Federal Distribution Continues to Inhibit COVID-19 Vaccination

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Michelle Phillips

MADISON–No one was happy with the number of vaccines they received last week, Julie Willems Van Dijk, Wisconsin Department of Health (DHS) Deputy Secretary told a group of reports in a virtual press conference on Tuesday. Willems Van Dijk was referring to the distribution of COVID-19 vaccines to health care providers and health departments that requested nearly 300,000 doses.

“We could only fulfill 27 percent of their requests,” she said.

She reiterated that more vaccine is needed in the state and said that supply is one of three things needed to deliver vaccines, public demand and infrastructure to deliver the vaccines are the others. “We have public demand, and we have built the infrastructure to make vaccinating successful,” she explained, and said she knew waiting was difficult.

Willems Van Dijk said the department has been making an effort to fairly distribute the vaccines to all parts of the start. Federal health care providers have been working with churches and organizations within communities of color and indigenous communities to make sure they are educated on the vaccine and that doses are available in their communities. She said they know that transportation is sometimes a barrier in those communities as well as within the elderly population and are working to make the vaccine accessible to all. 

Vaccine distribution is set at no less than 50 doses of the Moderna vaccine, which has inhibited its distribution in rural areas. The Pfizer vaccine can be distributed in lesser amounts, but Willems Van Dijk said that effort has been stymied by the number of delivery drivers available to transport the vaccine, which requires deep freeze storage. 

“We continue to review the allocations and do the best we can to make equitable distributions,” she stated.

She added that even high throughput systems received far less doses than they requested, receive only about 20 percent.

She said health care providers will work with those who may not be tech savvy and do not have access to MyChart or the DHS website. Health care providers will reach out to their patients, and the state will have a phone number to help people make appointments to get vaccinated.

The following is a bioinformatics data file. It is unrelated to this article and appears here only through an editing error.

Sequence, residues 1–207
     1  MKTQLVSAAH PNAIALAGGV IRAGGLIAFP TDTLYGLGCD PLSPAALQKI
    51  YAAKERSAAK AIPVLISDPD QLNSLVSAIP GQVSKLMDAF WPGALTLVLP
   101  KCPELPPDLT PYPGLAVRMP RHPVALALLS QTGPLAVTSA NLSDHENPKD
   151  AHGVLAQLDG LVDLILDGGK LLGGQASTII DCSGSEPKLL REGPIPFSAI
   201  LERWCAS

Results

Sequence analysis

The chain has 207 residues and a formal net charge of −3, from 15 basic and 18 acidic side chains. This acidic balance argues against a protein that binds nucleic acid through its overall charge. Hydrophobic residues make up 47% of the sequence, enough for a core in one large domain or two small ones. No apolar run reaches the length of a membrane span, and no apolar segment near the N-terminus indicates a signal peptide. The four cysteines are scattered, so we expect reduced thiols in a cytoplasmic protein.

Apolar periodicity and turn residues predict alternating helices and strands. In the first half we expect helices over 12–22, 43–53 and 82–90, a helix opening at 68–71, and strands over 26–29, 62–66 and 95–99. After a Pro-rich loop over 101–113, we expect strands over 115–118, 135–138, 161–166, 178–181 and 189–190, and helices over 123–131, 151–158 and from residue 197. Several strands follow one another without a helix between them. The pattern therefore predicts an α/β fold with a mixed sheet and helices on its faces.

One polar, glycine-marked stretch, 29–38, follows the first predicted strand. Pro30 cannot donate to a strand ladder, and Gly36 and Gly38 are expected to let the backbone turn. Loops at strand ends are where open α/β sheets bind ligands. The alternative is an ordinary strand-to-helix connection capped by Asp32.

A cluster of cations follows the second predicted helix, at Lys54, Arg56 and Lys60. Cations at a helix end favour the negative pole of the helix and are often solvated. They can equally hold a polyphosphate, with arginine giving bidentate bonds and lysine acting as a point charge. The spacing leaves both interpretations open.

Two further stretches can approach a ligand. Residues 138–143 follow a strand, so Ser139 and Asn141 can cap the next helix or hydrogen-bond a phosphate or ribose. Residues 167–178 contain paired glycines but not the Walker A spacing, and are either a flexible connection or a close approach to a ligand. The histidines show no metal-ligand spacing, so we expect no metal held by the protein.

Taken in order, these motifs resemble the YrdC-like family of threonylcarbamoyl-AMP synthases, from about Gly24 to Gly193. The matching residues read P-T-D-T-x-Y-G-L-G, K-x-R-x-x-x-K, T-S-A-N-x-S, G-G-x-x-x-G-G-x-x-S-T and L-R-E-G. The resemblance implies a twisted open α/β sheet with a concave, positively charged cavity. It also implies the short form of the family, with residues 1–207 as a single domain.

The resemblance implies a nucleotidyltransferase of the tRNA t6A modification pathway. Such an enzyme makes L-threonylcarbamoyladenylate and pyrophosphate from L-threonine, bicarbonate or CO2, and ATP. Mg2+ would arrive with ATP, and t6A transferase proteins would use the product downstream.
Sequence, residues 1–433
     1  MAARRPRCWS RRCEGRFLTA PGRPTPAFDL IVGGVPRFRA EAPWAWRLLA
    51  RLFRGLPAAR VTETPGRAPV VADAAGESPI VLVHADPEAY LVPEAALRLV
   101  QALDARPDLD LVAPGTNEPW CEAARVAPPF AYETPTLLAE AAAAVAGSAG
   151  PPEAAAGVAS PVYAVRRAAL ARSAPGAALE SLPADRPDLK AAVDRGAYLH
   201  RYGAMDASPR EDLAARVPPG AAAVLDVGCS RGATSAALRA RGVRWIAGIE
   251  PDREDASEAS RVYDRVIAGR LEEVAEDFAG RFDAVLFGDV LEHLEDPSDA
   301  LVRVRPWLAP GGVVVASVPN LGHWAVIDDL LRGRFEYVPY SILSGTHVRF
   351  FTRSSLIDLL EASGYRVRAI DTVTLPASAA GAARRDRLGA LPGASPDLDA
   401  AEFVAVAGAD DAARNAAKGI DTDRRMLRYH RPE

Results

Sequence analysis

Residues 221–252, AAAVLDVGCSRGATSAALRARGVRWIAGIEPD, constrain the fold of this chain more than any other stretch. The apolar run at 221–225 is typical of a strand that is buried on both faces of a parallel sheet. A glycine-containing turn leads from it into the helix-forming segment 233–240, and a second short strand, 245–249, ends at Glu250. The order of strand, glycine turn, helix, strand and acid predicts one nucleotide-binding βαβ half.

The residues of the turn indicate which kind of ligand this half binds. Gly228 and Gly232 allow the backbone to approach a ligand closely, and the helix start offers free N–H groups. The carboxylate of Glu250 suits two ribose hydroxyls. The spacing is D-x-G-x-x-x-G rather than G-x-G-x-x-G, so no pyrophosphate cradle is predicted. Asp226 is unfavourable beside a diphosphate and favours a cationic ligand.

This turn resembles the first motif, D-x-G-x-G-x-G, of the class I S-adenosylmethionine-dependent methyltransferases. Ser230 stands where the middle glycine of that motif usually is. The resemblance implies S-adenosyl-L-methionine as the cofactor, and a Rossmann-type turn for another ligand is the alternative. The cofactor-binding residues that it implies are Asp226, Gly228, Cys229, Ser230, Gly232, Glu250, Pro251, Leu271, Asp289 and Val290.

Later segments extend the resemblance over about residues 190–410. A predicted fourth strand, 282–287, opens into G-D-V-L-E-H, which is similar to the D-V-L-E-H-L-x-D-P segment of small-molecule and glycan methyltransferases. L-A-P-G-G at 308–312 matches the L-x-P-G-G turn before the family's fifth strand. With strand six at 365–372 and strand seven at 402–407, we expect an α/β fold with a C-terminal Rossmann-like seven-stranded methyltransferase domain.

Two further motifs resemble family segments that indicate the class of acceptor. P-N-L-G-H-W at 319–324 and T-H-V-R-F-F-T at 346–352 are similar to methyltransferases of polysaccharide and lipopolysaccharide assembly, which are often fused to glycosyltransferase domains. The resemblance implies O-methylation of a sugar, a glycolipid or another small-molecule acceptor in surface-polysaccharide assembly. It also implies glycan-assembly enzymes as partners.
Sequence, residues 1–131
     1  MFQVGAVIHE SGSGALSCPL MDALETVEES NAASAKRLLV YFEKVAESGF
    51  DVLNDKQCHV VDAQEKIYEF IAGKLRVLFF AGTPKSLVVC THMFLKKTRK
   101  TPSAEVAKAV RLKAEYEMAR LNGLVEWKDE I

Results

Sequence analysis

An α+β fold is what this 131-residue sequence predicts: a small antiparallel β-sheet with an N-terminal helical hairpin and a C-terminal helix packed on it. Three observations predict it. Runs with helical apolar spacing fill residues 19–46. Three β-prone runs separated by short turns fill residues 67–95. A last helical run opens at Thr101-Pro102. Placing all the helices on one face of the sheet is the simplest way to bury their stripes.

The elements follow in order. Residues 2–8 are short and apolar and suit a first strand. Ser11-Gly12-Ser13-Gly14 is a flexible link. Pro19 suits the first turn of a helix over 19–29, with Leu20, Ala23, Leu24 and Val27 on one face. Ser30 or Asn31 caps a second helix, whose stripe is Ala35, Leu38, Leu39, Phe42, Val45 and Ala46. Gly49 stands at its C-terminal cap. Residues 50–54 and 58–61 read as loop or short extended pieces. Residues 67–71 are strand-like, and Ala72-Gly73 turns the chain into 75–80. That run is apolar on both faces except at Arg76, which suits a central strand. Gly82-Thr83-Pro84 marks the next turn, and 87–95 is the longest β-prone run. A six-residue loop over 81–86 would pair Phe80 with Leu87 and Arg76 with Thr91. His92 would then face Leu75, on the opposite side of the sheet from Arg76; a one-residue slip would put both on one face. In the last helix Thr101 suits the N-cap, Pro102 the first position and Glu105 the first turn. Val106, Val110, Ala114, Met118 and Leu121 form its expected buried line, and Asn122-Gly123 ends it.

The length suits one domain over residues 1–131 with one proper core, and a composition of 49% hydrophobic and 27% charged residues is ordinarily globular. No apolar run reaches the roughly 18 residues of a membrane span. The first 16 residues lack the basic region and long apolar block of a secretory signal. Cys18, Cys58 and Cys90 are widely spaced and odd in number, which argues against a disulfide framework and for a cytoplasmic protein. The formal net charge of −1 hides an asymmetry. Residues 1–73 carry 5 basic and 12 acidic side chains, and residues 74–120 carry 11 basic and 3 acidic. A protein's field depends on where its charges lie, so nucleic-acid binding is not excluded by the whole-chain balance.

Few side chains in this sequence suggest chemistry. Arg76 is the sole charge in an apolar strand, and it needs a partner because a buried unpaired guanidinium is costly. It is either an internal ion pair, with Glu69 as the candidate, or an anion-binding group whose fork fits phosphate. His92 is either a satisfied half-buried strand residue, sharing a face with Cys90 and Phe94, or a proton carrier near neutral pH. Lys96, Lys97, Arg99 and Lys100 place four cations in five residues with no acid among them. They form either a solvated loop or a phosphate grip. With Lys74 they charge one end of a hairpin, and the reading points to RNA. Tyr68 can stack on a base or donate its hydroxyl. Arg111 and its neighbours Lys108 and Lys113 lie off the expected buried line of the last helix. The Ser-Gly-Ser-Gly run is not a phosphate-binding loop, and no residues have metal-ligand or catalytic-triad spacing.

In addition, free clinics will be set up to vaccinate those that are uninsured.

Willems Van Dijk said that although she is often talking about challenges within the system, vaccination rates are generally increasing and 578,335 people in Wisconsin have received vaccines–over 100,000 have gotten the second dose of vaccine. She also noted that the state is on par with other Midwest states in regard to distribution per 100,000 residents.

Dr. Stephanie Schauer, Division of Public Health Immunization Program Manager, addressed the skepticism some health care workers in nursing homes and skilled care facilities may have about receiving the vaccine after a reporter asked about the CDC (Centers for Disease Control) reporting those facilities have a 62 percent refusal rate among employees. 

“We know there is a ‘moveable middle,’ they want to see others vaccinated or know someone who has been vaccinated first,” she said. She included that she hopes some of group 1a that initially skipped the vaccine will be more willing to get it now that it has been distributed for a couple of months.

Willems Van Dijk was asked about variants of COVID-19 in the state and said there has only been one known case, so far. Genomic sequencing can detect the variant and she encouraged those who have traveled to be screened. 

The variant is highly contagious, and the CDC has suggested Americans “double mask” when they go out. Willems Van Dijk agreed that two masks provide more protection, but the best option is an N95 mask. 

She said residents must continue to wear their masks, social distance and wash their hands.

“Virologists say we should not sit back on our laurels,” she said.

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